These Ideas Spotlight Social, Innovation, Talent and Tech – and Can Be Adapted  

It’s Ideas Wednesday. The American Chemical Society gives a nice twist to the 35-under-35 genre. gets big audiences with their Zoom On Ins. We like quizzes, and PMMI Media Group does it well and with purpose. And insideARM puts their Innovation Council to good use with a Think Differently series.

Talented Twelve. Chemical & Engineering News (C&EN) has been published by the American Chemical Society since 1923. Subscribers get a magazine, RSS feeds, archives access, a mobile app, tailored newsletters, a podcast—Stereo Chemistry—and a voice product that “delivers daily chemistry news highlights to your Amazon Echo or Google Home smart speaker.”

What caught my attention this week is their Talented Twelve program. “Nominate a Rising Young Chemist to Be One of C&EN’s Talented 12 for 2021. Help us identify early career scientists doing research that will have a global impact.” Knowing this organization you can be sure that this will be a very diverse dozen. The program is presented by Thermo Fisher Scientific, so that’s a nice sponsorship.

Looking back at their 2019 class, C&EN also does a fun, informational page on the group, asking their favorite dish to cook (best answer – Bangladeshi kacchi biryani), number of patents filed (27), languages spoken (9) and surprising skills (wrestling – from Markita – and violin). Each also gets their own profile.

Reach out and learn copyright. Or in the case of last week’s Zoom On In, the relationship between copyright and contracts. Lesley Ellen Harris of has been hosting these every few weeks for a couple years now—yes even before Zoom absconded with our lives.

Zoom On Ins are free, 20-minute virtual copyright sessions and part of’s initiatives to make people more aware of copyright law. Harris told me this morning that 200 registered for last week’s session, and 150 attended. That’s a very good percentage, and a smart way to build interest for her paid online courses

“I really nurture [my audience],” she said. “I email them, ‘Don’t forget to come!’ I keep in touch with them—I just want to keep building the community. Actually, I only did a medium marketing effort on this one.” I asked her what other benefits gets from these.

“Several things. They’re great for my students. In the bigger picture, they’re great for our alumni—they can keep them up to date. They’re great for the public to get information. For us, we can build our list and nurture our current list. It’s good, practical information.”

The sessions are at 1 pm Eastern, and Harris gets attendees from all over the world. “Global has always been important,” she said. “Think about not just what you’re doing now but how people’s habits have changed moving forward.”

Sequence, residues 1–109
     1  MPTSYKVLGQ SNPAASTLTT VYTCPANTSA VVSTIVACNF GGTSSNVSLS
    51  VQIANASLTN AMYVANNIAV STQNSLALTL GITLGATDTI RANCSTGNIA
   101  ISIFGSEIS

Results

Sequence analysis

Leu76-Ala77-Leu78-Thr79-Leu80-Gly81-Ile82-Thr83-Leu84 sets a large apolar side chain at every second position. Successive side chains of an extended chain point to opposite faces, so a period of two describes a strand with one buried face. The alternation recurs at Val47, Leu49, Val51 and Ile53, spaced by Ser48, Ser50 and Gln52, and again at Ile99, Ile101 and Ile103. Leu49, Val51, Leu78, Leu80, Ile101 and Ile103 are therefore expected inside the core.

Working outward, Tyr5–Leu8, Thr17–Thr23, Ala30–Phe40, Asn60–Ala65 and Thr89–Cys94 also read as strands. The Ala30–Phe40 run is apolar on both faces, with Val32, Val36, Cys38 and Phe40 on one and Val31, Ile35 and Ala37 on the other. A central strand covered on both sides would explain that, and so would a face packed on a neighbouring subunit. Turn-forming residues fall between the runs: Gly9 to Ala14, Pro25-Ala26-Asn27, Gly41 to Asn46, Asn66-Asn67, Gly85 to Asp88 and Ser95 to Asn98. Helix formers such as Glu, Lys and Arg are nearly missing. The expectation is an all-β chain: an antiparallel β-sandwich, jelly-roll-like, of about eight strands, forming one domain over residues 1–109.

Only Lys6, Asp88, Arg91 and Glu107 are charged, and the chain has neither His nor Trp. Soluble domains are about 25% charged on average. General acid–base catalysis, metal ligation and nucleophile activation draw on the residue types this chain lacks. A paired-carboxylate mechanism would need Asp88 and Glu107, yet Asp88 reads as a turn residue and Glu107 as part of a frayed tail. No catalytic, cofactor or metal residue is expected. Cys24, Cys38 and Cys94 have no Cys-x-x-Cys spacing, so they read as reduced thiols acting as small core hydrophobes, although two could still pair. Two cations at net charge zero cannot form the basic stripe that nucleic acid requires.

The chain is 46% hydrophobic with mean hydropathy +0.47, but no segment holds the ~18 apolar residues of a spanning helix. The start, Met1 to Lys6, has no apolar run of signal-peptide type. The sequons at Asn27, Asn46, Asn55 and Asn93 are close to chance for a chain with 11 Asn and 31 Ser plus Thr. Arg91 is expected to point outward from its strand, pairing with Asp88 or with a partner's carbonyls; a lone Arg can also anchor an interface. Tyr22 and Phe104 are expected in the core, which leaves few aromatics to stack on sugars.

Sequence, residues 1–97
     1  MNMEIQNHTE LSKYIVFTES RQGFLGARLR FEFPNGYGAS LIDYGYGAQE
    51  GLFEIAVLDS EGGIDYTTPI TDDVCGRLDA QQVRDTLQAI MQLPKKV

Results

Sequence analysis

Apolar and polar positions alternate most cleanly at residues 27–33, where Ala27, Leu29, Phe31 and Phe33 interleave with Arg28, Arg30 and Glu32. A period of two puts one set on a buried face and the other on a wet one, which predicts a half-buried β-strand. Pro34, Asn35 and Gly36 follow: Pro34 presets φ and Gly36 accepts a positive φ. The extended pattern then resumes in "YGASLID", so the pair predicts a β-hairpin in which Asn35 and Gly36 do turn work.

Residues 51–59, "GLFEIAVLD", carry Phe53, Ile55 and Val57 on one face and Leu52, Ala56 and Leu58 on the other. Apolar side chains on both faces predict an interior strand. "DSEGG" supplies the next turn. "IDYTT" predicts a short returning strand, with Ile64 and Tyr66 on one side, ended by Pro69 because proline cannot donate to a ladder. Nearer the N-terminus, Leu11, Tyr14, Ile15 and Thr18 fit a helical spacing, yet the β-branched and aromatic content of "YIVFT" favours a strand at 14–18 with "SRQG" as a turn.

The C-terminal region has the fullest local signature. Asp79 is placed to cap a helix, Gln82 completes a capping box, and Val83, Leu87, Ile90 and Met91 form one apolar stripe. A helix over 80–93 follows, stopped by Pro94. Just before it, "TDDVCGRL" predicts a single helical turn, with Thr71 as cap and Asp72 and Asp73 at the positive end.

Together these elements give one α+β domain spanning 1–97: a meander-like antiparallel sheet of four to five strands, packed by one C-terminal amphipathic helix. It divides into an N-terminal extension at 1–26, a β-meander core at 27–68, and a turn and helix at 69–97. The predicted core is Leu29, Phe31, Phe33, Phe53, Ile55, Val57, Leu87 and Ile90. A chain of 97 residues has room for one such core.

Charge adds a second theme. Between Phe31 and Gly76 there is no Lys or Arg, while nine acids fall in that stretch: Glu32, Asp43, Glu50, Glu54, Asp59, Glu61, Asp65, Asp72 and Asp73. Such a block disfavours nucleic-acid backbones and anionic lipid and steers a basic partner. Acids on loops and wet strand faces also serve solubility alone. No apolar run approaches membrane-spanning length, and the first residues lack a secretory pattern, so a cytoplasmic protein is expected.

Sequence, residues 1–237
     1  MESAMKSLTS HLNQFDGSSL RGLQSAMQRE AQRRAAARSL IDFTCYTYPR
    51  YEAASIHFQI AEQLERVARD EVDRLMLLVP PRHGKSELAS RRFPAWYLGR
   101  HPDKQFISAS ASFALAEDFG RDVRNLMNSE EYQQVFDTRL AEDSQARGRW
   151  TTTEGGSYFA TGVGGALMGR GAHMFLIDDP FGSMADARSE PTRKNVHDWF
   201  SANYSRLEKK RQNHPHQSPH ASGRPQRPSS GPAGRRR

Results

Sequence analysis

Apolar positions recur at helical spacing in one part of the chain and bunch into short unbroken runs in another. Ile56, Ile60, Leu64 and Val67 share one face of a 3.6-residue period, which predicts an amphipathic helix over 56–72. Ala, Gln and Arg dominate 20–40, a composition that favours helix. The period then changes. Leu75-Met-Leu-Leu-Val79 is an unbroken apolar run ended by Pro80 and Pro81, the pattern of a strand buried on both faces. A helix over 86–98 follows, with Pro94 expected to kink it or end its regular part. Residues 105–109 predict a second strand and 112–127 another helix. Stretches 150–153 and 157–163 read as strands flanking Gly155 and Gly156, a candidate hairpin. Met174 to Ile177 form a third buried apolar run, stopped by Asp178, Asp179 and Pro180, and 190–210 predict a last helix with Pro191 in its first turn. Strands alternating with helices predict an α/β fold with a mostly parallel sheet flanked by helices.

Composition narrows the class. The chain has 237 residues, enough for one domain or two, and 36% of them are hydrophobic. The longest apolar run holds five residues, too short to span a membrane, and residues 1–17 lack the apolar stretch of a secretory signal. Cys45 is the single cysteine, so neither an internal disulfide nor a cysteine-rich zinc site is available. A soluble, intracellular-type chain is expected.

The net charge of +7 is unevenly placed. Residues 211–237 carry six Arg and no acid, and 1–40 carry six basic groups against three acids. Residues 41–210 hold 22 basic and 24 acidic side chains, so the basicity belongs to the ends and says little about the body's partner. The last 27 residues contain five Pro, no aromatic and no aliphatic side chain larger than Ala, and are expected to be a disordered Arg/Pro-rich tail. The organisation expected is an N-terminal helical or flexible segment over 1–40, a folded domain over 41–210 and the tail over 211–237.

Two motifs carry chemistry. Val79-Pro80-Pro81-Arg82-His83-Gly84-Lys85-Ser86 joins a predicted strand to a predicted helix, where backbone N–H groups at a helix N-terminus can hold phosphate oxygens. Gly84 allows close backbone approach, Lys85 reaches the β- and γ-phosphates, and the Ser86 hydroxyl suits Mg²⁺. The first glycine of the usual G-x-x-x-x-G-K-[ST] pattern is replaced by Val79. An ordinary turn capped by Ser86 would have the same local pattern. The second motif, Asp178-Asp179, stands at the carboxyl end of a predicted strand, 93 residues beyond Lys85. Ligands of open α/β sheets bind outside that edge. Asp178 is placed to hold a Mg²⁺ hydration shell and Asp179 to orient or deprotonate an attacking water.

Ask Me Another. Quiz: Are You a Social Media Smarty? asks PMMI Media Group. Not only are quizzes proven winners for engagement, but most of us could use help when it comes to social media. So this quiz is particularly well-positioned.

“With email challenged by competition for the inbox, marketers are having to up their game on social,” they write. “Do you have what it takes to succeed? Test your social media smarts with this brief quiz.” There are five questions, and I did not do too well. So I signed up for their monthly Marketing Insights email newsletter “for latest research and tips!”

Another question asks: Which will get your brand in front of the largest group of active prospects? The final question asks us to choose an image that Company X is planning to run in a Facebook ad. I feel better when I see that 82% got it wrong. I am not alone. At the bottom, you see this button: “Learn how PMMI Media Group can help you reach the right audience with your next campaign.” Oh, you can also take the quiz again. Is that cheating?

Other media company quizzes I like: the Financial TimesEducation Week and Kiplinger. And Lessiter Media has a good article titled 3 Ways to Use Quizzes in Your Marketing Strategy.

Good thinking. Innovation is often talked about but not made intentional enough. InsideARM dispels that notion with their ongoing Think Differently series. “Written by or recorded with members of the iA Innovation Council, the series of articles and videos showcases thought leadership in analytics, communications, payments, and compliance technology for the accounts receivable management industry.”